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The COVID-19 crisis has highlighted barriers to vital digital financial services for refugees ǀ View

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How do you get by without a bank account? This is a question asked daily by millions of refugees worldwide who simply don’t have access to standard financial services. Even the digital and online services that many of us take for granted - tools that help us to save, transfer and receive money - are often out of reach for displaced people.

Before the pandemic struck, many refugees barely had enough money to get by - de facto restrictions on their rights to work, travel, and accumulate assets made it nearly impossible for them to become sustainably self-reliant. Alarmingly, a study by the UNHCR found that 90 per cent of refugees surveyed had less than $70 (€59) in savings.

However, the economic shock of COVID-19 has made this dire situation even worse. It has revealed how easy it is for refugees to slip through social safety nets. Our research has found that, in the absence of sufficient humanitarian aid, many have been forced to cut back on meals or sell their belongings. In Jordan, many lost their incomes overnight while, in Kenya, large numbers have been evicted from their homes.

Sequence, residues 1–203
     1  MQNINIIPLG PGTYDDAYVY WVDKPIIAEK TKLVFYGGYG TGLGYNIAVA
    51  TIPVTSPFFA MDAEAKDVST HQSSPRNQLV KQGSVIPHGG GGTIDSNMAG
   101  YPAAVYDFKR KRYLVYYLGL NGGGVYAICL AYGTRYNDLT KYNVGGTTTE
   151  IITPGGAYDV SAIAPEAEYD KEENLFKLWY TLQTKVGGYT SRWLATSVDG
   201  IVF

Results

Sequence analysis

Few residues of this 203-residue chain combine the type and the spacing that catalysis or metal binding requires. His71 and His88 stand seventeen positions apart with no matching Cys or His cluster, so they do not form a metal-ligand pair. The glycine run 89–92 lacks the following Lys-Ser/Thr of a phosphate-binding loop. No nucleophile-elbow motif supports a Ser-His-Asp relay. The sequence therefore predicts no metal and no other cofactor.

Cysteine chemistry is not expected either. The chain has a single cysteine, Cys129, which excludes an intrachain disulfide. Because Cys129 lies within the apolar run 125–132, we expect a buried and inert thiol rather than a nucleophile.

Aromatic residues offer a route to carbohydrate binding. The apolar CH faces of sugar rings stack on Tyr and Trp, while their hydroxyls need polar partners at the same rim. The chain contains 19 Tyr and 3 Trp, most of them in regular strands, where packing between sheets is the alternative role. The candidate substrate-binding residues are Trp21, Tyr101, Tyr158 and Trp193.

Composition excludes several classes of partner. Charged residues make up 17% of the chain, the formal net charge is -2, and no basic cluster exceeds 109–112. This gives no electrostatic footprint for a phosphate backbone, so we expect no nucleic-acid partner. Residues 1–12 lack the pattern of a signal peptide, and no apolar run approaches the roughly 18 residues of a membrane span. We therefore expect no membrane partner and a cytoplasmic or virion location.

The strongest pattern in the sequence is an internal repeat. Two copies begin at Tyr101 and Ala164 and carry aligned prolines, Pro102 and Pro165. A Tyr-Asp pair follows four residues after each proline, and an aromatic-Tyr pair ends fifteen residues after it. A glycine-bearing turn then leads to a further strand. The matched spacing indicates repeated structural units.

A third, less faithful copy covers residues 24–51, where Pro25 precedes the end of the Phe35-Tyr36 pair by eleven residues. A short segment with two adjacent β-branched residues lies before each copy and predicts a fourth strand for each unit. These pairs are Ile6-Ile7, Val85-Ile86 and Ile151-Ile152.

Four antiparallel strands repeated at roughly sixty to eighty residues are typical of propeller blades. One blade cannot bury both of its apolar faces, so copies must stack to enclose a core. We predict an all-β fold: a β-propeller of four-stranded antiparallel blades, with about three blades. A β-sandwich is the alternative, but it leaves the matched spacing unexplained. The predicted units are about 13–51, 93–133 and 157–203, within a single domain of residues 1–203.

In this time of crisis, access to financial services like money transfer services and humanitarian cash assistance could be a lifeline for refugees seeking to rebuild their livelihoods.

Last week, the International Rescue Committee (IRC) published a new report, building on findings from the Finance in Displacement (FIND) research project, a partnership with the Catholic University of Eichstätt-Ingolstadt (KU) and Tufts University, examining the policy context of financial services in Jordan, Kenya, Uganda, Ethiopia and Mexico. It finds that many refugees struggle to navigate the complex and often restrictive regulatory environment in order to access financial services.

Refugees are 50 per less likely than the general population to have an internet-enabled phone, while 29 per cent of refugee households have no phone at all. There is a significant gender gap - women in low and middle-income countries are 23 per cent less likely to use mobile internet than men, and this gap widens even further in refugee contexts.
Daphne Jayasinghe
Head of Policy - Europe, IRC

Access barriers are highest for “standard” financial services, such as bank accounts. In Jordan, for example, refugees can’t open a bank account without a valid passport, which is simply inaccessible for many. In Uganda, requirements vary widely between banks. In other countries, such as Ethiopia, it’s technically possible by law to open a bank account with a refugee ID but, in reality, this policy hasn’t been fully implemented.